The key here is the characters. It's an ensemble but with a clear main heroine in Lola Lawson, who's like a more sane version of How To Get Away With Murder's Annalise Keating. Over the course of her impressive career as a Deputy District Attorney, Lola was known to be independent, formidable and, at times, wildly impulsive. As a newly appointed judge, she suddenly has more power, but instead of stting back on the bench like many of her peers, she leans in and immediately challenges expectations of what a judge should be.  She also happens to be black. (And a black woman who isn't Gayle King leading a CBS show would be truly revolutionary.)  The curtain on her personal life hasn't yet been pulled back much -- we know she has a husband, but he never appears on screen. The same is true of the other characters. We're not given a clear reading of who they are and what we should think about them, and I actually found tht refreshing. If the series gets picked up, there will be time to explore their personal lives and motivations in a more nuanced and plot-appropriate way than a pilot can provide..

    Judge Judith played by CSI veteran Marg Helgenberger is in only two or three scenes but it's enough to love her already. One of the first female judges in California, she was originally a progressive voice from the bench,  but over time she has become an entrenched member of the judicial establishment. As Supervising Judge, Judith is a powerful and influential figure who oversees Lola’s transition to the bench — and through their relationship, she's rediscovering her passion for justice. The birth of this friendship is a pleasure  to witness. There's real potential here, as there is with Lola and Sherri, another pair that's exciting but in a different way. Sherri is Lola’s Judicial Assistant, or "The Gatekeeper." She controls the schedule, the witness lists, the flow of paperwork — everything. She can make defendants sit in the lockup and wait all day for the next appearance, or she can find a way to get them in and out before her morning coffee gets cold. Efficient, pragmatic and armed with wickedly dry sense of humor, Sherri isn’t thrilled she has to “train” Lola since she's a rookie judge. Other notable characters are Emily Lopez, a tough and determined public defender who's undaunted in her efforts to prove her clients’ innocence; and Sara, an optimistic court reporter who has surprising hidden talents. A close friend to Emily, she hosts the Courthouse poker games and is a reliable source for gossip and courthouse intel. As you can see, All Rise is female-fueled and alone will make it stand out.

    There are men in All Rise, and they're equally interesting, they're just a bit more in the background. There's Luke -- wholesome, generous and hardworking, he's bailiff by day and law student by night, determined to move up in the world by becoming a lawyer. He and Emily gow close over the course of the pilot, and it would seem a love story is in the works. Which would cause problems, since she's married. Mark is the male lead of the ensemble. He's a roguish, highly successful Deputy District Attorney whose best friend and colleague is no other than our dear Lola. Never great with boundaries, Mark struggles with the personal and professional changes in their relationship. Is he in love with her? Perhaps, but don't expect them to make out in the pilot, or even in the first few episodes. Though it sound like the makings for a soapy Shonda Rhimes workplace drama, it isn't. All Rise is character-driven, but the legal drama always comes first. There's a lot of humor though, and a few eccentricities here and there. It can be very serious and moving in one scene, and light fun right after. Maybe they're trying to fit in with CBS's proven procedural format first, with the hope of taking a more serialized turn later on.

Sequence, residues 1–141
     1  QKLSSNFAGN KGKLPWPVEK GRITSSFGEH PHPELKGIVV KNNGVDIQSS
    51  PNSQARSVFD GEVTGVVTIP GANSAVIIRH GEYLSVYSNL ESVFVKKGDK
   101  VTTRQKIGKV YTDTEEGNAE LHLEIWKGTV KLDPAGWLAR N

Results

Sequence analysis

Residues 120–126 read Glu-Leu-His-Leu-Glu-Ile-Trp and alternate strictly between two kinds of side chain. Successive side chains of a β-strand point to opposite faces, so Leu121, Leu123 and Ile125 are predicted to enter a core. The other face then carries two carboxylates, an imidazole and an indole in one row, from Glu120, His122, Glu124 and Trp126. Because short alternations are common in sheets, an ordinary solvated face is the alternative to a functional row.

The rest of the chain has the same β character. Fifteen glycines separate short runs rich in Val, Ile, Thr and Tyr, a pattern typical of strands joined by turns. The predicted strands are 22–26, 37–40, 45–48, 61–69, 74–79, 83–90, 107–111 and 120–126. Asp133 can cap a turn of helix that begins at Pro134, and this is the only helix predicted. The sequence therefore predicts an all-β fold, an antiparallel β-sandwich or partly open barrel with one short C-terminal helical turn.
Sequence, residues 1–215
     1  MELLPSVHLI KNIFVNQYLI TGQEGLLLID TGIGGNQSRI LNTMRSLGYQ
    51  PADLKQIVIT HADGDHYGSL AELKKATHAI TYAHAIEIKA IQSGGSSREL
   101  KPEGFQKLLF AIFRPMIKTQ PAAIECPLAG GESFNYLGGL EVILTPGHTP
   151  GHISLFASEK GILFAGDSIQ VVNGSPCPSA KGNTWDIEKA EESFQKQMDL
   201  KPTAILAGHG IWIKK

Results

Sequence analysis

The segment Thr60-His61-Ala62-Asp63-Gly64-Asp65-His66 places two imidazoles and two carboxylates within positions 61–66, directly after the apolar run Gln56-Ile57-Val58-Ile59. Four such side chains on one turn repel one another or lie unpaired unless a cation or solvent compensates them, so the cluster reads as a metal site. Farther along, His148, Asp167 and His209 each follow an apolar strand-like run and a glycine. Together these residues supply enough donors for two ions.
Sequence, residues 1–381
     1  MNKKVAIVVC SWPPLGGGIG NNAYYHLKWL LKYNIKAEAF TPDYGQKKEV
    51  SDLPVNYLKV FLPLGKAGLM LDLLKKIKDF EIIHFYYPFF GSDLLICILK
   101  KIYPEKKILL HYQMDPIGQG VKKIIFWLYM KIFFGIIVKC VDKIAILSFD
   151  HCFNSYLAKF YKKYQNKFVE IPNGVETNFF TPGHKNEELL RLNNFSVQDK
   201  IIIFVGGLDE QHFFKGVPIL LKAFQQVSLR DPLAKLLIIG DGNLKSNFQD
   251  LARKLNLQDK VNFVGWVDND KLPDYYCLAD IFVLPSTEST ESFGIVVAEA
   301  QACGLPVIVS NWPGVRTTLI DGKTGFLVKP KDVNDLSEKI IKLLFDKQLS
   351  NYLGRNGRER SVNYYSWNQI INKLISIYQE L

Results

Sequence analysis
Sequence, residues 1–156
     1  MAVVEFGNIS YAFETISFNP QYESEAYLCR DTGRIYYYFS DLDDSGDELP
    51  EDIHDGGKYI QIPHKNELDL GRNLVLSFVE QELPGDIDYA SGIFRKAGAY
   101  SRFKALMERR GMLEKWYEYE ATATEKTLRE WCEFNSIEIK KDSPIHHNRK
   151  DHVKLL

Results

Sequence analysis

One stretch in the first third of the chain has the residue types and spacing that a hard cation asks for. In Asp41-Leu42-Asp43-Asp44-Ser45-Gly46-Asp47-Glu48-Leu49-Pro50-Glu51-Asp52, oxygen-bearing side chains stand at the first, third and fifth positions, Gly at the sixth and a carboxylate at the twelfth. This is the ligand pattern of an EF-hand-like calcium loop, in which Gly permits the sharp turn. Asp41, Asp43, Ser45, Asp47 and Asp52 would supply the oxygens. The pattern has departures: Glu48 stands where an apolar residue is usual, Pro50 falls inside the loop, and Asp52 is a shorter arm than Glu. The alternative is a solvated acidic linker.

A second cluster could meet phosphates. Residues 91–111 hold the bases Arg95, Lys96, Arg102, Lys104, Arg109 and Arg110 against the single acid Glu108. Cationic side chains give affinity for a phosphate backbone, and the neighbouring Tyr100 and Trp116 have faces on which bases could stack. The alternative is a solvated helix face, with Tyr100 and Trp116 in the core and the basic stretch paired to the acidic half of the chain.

FINAL RECOMMENDATION: All Rise is a diverse and colorful legal drama that could be described as a non-soapy, non-twisted version of ABC's How To Get Away With Murder. It manages to stay efficient and fun while being more conventional. That's probably how every new CBS show should look and feel. That being said, with a cast of mostly fresh faces, it may prove difficult to get viewers to take it for a test run. There's a lot of work ahead for CBS's marketing team if it gets picked up. 

    [   ] PASS
    [   ] RECOMMEND

    BEST FIT: If CBS wants to rejuvenate their Monday line-up, All Rise might be one solution.